As for where this could go if Arenado is pushing his way out the door a la Giancarlo Stanton with the Marlins, the teams rumored to have talked to the Rockies this offseason include the Cubs, Cardinals, Rangers, Dodgers, and Braves. Because of Arenado’s contract, the Rockies simply could not get much in return for a trade, and because of his no-trade clause, Arenado can dictate where he would want to be traded. If there is still public sparring and rumor speculating come Spring Training next month, get ready for all kinds of awkward interactions.
It has the potential to be a deeply ugly situation for Arenado and the Rockies, and maybe it changes the team’s calculus on a trade. It’s not at all hard to see how it could become immediately complicated for the Cubs – both with respect to any interest in pursuing Arenado (if that becomes financially viable), and with respect to any interest in trading Kris Bryant.
As we’ve discussed before, there’s a scenario – the math works – where the Cubs could trade for Arenado, trade away Bryant, and then sign Nick Castellanos, leaving themselves better set up for 2021 and beyond, under the luxury tax for 2020, and arguably more competitive in 2020, too. But it’s important to note that pulling that off would require the Rockies to take back a lot of salary (for example, Jason Heyward’s contract), and the Rockies probably only become interested in a deal like that if they wind up in a spot where they absolutely have to deal Arenado and he absolutely won’t go anywhere besides Chicago. I’m not sure we can say that either of those things is, or ever will be, true.
Frankly, I’d be much more concerned at this point that the Rockies will find themselves backed into a corner – as the Marlins were with Stanton – and the only team with a passable offer where Arenado will accept a trade is St. Louis. If that happens, the Cardinals could wind up landing a superstar for a song. It’s a very good guess that the reporting right now that previous demands by the Rockies were unrealistic are probably coming from the Cardinals, the only team with whom the Rockies reportedly exchanged names. Because of the contract, the Rockies cannot expect to get much in a trade for Arenado without eating a ton of the deal *AND* working around the opt-out *AND* getting Arenado to forgo his no-trade clause.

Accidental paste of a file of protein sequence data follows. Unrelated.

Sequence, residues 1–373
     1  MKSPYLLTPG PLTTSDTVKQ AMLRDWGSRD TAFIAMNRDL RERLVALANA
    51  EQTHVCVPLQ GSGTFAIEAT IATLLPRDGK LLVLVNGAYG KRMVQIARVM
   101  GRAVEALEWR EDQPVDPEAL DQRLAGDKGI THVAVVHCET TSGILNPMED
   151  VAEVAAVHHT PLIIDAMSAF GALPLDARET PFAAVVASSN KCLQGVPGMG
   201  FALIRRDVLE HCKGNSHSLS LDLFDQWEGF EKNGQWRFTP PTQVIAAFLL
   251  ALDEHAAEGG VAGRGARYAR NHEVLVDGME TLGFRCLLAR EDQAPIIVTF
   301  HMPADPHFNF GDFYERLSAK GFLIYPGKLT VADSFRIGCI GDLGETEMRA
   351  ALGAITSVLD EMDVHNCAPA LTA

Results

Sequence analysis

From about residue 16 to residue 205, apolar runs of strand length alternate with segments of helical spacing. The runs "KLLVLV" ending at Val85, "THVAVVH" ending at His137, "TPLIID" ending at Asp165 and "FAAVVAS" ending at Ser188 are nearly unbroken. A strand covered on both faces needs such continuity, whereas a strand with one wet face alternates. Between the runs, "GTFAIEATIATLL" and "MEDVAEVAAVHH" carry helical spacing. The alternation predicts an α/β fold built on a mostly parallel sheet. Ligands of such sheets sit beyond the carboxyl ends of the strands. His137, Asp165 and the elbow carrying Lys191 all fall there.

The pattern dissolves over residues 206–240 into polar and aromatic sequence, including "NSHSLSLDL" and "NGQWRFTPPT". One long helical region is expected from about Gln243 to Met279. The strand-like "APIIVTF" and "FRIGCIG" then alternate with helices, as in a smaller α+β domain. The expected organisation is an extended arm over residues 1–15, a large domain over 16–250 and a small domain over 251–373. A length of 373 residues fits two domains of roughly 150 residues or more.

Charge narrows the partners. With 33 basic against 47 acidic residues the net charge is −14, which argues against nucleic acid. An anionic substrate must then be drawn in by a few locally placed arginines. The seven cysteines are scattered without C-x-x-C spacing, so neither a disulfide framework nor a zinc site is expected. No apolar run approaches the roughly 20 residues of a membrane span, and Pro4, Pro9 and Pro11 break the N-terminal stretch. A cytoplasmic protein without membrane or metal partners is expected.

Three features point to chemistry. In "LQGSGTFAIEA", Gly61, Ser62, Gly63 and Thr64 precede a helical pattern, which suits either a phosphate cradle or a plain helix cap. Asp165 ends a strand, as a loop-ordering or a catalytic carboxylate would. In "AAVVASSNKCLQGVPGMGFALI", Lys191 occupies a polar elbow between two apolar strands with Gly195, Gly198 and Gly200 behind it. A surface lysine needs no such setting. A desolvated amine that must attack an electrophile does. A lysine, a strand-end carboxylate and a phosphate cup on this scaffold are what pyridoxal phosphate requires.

… but if you’re convinced Arenado does not want to be here, and if you can stoke those flames in the media by initially making huge demands in trade and then walking things back (putting the blame on Arenado for wanting a trade), maybe you can thereafter justify trading him for a modest cache of prospects and big leaguers. We Cubs fans are paranoid by nature, and I’m just saying, at a gut level, I get pretty nervous seeing how this whole thing has played out, and thinking about how plausible it is that it could lead Arenado to St. Louis for a bargain.
Here’s hoping that not only does that not happen, but that if the Rockies are forced to move Arenado, he’s interested in the Cubs and they explore ways they could make it work before it’s too late.